Java Man, an early form of human whose remains have been found on the island of Java. The first remains of Java Man (a piece of jawbone and skull, and a complete upper leg bone) were found by Eugene Dubois, a Dutch paleontologist, in 1891. A complete skull and other bones were found during 1936–39. Many more remains have been found since. Most scientists date these remains from about 600,000 years to 1 million years ago. Java Man was about 5–1/2 feet (1.7 m) tall and walked erect. Java Man had prominent brow ridges, a retreating forehead, and powerful jaws. Brain size was about three-fourths that of modern humans.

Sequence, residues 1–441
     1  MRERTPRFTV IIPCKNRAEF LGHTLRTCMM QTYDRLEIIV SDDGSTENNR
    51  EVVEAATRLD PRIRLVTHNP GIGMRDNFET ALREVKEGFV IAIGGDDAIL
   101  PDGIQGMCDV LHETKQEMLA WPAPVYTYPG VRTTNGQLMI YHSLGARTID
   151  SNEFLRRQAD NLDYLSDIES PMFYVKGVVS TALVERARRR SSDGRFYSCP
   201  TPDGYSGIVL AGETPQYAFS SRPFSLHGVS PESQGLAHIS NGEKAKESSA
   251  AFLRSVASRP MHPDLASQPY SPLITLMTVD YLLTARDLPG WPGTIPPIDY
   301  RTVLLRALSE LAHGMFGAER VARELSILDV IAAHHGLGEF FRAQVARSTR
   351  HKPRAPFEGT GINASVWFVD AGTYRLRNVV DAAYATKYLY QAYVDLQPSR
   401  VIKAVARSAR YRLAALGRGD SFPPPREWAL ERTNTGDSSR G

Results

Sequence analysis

Dubois gave Java Man the scientific name Pithecanthropus erectus, meaning “erect ape-man.” Paleontologists in the early 1950's abandoned Dubois's classification and grouped Java Man with Peking Man and several other prehistoric humans into a newly designated species called Homo erectus.